New Internationalist


August 2006

by Ojos de Brujo

Out of cosmopolitan Barcelona comes one of the most exciting new world fusion bands. Ojos de Brujo (Eyes of Wizard) call their music ‘jiphop flamenquillo’ but this flamenco hip-hop base serves only as a platform to launch into a plethora of musical genres. On their third album Techarí (‘freedom’ in Caló, a Gypsy language), their sound is more eclectic than ever. On a rigorous flamenco instrumental core, Ojos fuses hip-hop, bhangra, acid jazz, Arabic, reggae and even heavy metal rhythms and harmonies. Thanks to exceptionally talented musicians, a wonderfully tight rhythm section that includes a human beat box and Indian vocal percussions, and a flamboyant performance from singer Marina la Canillas, these wired minstrels pull it off brilliantly. Growing recognition has also helped Ojos recruit guests such as guitar legend Pepe Habichuela, Cyber from Asian Dub Foundation, Senegalese rapper Faada Freddy, Nitin Sawhney and Cuban pianist Roberto Carcassés. And while flamenco’s lyrics usually focus on the joy and suffering of life, Ojos’ are refreshingly politicized, dealing with issues of social justice, immigration and globalization.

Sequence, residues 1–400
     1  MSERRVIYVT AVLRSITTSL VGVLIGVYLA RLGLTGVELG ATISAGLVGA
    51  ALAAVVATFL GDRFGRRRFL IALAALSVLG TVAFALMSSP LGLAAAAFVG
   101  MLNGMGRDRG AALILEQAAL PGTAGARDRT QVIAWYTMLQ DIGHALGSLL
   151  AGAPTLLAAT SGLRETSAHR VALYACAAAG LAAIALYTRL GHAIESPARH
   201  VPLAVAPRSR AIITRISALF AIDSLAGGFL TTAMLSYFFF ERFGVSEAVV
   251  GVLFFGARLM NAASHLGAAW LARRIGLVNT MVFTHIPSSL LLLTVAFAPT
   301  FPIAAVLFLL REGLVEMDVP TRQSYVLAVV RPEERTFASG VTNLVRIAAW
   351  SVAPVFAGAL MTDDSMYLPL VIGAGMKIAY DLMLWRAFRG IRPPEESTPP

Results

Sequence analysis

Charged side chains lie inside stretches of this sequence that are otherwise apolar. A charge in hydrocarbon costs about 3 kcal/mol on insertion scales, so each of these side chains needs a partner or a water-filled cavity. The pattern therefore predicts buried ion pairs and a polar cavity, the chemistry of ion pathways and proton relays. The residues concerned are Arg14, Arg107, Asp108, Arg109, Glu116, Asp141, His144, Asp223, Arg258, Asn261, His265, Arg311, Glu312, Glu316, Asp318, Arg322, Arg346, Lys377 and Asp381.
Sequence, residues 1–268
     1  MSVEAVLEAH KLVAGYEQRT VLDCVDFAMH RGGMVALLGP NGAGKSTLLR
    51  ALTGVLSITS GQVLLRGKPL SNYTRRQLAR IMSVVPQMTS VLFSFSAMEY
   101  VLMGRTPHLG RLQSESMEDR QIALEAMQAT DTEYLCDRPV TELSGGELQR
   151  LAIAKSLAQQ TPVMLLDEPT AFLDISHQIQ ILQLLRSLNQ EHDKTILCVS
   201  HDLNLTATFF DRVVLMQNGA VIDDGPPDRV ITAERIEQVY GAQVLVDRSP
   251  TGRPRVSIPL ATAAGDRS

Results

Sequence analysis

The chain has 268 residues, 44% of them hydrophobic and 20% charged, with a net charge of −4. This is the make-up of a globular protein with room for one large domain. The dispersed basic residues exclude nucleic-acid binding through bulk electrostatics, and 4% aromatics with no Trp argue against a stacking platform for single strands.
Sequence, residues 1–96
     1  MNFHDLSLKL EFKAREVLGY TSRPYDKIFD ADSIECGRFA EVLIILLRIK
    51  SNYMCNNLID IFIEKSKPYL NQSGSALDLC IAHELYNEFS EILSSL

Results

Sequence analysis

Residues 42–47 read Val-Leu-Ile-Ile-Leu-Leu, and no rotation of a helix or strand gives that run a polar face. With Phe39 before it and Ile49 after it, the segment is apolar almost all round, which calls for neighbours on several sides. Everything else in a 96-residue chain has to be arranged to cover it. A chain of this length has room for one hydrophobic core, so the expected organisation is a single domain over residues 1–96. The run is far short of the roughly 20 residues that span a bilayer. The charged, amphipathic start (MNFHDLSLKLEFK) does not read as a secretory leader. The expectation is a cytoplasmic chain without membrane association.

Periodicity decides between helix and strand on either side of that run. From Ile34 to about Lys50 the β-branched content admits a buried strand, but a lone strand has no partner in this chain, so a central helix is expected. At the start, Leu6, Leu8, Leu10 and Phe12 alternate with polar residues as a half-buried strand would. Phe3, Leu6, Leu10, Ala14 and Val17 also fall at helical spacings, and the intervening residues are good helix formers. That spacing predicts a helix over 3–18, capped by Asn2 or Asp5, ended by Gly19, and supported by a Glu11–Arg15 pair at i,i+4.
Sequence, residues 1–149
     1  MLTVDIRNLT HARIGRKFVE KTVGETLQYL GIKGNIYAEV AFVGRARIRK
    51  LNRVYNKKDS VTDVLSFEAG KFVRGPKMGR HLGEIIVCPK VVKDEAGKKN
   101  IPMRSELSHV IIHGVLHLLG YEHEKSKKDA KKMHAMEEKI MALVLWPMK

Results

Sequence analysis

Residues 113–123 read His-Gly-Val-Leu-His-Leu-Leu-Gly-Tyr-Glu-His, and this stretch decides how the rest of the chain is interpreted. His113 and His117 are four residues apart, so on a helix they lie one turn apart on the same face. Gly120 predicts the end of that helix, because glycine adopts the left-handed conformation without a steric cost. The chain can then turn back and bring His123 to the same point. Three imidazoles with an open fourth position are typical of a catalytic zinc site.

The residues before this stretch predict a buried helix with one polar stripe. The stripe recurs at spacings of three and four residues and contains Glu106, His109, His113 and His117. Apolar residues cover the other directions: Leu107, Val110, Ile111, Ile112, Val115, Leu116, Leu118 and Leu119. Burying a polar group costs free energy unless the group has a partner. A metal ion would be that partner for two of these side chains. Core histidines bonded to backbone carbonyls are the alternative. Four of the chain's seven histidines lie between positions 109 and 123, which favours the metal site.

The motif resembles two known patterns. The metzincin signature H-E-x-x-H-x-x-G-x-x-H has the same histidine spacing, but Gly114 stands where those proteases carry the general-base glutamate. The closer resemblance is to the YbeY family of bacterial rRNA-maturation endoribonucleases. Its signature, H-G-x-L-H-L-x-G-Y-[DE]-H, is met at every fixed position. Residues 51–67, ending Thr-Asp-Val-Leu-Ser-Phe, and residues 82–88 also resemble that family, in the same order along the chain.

Thankfully for the non-Spanish-speaking, the record comes with a CD-ROM, which includes the lyrics in 14 languages.

This column was published in the August 2006 issue of New Internationalist. To read more, buy this issue or subscribe.

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This article was originally published in issue 392

New Internationalist Magazine issue 392
Issue 392

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New Internationalist Magazine Issue 436

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